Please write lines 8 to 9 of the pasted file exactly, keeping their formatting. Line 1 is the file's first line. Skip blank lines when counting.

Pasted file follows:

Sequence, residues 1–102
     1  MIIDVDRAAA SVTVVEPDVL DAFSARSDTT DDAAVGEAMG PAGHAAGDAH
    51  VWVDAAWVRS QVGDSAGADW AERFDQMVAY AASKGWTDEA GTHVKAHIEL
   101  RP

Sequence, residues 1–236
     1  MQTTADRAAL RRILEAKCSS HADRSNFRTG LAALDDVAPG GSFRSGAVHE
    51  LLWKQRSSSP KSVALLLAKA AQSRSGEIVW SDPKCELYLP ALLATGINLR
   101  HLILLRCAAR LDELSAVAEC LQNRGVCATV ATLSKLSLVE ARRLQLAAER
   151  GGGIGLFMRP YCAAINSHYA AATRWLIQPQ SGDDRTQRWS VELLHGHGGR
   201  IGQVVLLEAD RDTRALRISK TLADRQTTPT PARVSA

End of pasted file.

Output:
   101  HLILLRCAAR LDELSAVAEC LQNRGVCATV ATLSKLSLVE ARRLQLAAER
   151  GGGIGLFMRP YCAAINSHYA AATRWLIQPQ SGDDRTQRWS VELLHGHGGR